Fast diet and Serious Mental Illness

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Fast diet and Serious Mental Illness

This topic contains 6 replies, has 9 voices, and was last updated by  Frogger45 7 years, 1 month ago.

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  • I have a diagnosis of Schizoaffective disorder and when I was reading up about the diet on this website it says you shouldn’t do the diet if you have a Serious Mental Illness.
    But it doesn’t say why?

    I have done two weeks of the diet and I don’t feel it’s affected my mental health so far.

    Does anyone know why it’s not advised to do the diet if you have an SMI?

    I feel ok and I’ve lost 8lbs in two weeks.

    I don’t have an eating disorder. I’m just fat because I comfort eat and eat out of boredom lol.

    Thanks in advance.


    Hi Mancunianpoodle,

    I’m glad you are having success with the diet so far.

    Have you discussed it with your GP or Mental Health Care provider?

    You should discuss this with whoever is treating you as it would be inappropriate for any contributor on this website to give you advice.

    I agree, if you’re going to hand out such potentially discriminating advice, resins should be provided. After a life time of lecturing and working with serious mental health problems, I can’t see how exercise could adversely affect people with that condition. Indeed most people with your diagnosis and other with problems with psychosis are advised to exercise as its been shown to speed recovery from depression as well as help combat the obesity resulting from use of neuroleptics.

    Seafood, you should try it
    Whenever your diet is poor in omega-3s, which is available in fish, your pineal gland inside your mind that helps you manage your anger is launched out and hence the alterations in the produce of melatonin. Individuals with an omega 3 debt do not rest throughout their typical relaxation intervals, which could result in such things as harmful late night eating.
    Seafood can also be full of protein, which prior study indicates may satisfy your hunger. You actually burn calories processing protein than you need to do whenever you consume carbohydrates or fats. Plus, consuming more omega 3s decrease your threat of dementia and may increase the strength of your heart.

    I have had a MH diagnosis, and am using the diet to combat the weight gain due to the meds I’ve been out on. In fact my psychiatrist advised me to /eat smart’ on these meds and watch out for carb cravings. So I’m doing a kind of combination of the BSD and this, fasting on two days a week and cutting white carbs basically. It is helpful. I also take Omega 3s as well. BMI went up to 33 on the meds and now down to 28 and falling. Excercise also good and for MH. HTH.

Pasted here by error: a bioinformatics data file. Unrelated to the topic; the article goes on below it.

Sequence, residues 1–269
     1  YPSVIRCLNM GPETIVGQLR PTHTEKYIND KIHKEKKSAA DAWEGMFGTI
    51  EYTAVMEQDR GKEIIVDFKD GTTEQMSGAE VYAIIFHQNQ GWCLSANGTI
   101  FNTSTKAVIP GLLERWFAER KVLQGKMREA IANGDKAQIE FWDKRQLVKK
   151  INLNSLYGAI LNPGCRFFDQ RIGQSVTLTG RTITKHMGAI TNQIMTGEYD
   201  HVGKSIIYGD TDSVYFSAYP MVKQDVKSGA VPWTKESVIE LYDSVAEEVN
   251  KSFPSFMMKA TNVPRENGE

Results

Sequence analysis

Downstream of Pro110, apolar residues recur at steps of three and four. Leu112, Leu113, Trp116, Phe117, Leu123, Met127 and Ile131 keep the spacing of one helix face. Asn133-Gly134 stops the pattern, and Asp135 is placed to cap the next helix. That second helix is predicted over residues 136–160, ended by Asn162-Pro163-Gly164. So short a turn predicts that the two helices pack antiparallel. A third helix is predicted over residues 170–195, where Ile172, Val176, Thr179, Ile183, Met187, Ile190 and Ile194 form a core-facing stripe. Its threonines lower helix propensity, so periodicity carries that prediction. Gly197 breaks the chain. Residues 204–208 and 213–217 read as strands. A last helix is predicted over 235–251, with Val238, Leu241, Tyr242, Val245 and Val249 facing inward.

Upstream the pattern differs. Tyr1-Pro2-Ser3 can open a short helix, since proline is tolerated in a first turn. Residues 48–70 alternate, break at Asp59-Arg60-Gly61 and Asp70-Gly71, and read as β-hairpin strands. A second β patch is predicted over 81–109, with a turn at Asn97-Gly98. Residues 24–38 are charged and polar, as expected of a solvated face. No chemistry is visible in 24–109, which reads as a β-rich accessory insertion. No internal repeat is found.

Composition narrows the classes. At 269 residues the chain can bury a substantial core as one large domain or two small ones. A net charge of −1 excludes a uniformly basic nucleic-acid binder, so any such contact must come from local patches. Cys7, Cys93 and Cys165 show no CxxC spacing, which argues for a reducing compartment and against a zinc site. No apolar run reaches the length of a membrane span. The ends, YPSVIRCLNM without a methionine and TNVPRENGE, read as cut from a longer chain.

I know someone with a similar diagnosis he fasts and exercises It has been very positive for him

    Most likely the caution is due to the issues that might come up for people who have an uneasy relationship with their bodies, their body-image, or with the sensations you get when you’ve become quite hungry. I think a lot of people struggle with hunger, and one of the things that happens when you have a tendency to either over-think or over-react (two tendencies that can get really dysfunctional in people with major mental illness) is that hunger might trigger some feelings, thoughts, etc., that can be unexpected or very unwelcome.

    I agree with everyone that, practiced carefully and not over-doing the fasting (that is, don’t start fasting for three days straight… or four days out of seven… or whatev) you should be fine. And I have found that my mind actually responds quite nicely to hunger (not that I enjoy it) — my memory, attention, etc. are all fine. that said, I’ve noticed some extreme hunger pangs really get my attention but if I talk nicely to those hunger pangs, they subside.

    Good luck with the schizoaffective symptoms you are struggling with. I would venture to say that between alcoholism, anxiety, depressive episodes, a little magical/obsessive thinking, a few compulsions, delusionary and mildly or moderately paranoid thinking, as well as feelings of desolation and anger with humanity, and general problems with focus and procrastination… MOSt of the people in the world are quite familiar with mental illness! So, on behalf of all of us who struggle with these and other issues, good luck, hang in there, and be kind to yourself and your good intentions. We are rooting for you.

    I work in mh inpatients and have seen people fasting for Ramadan, they are fine. Just keep in balance your under/over activity levels. Stay hydrated if you are particularly active and the weather is warmer, I would advise use of rehydration salts to keep your electrolytes balanced. If you are having a period of irritability that’s causing you significant problems you might want to look at the diet prior to medication.

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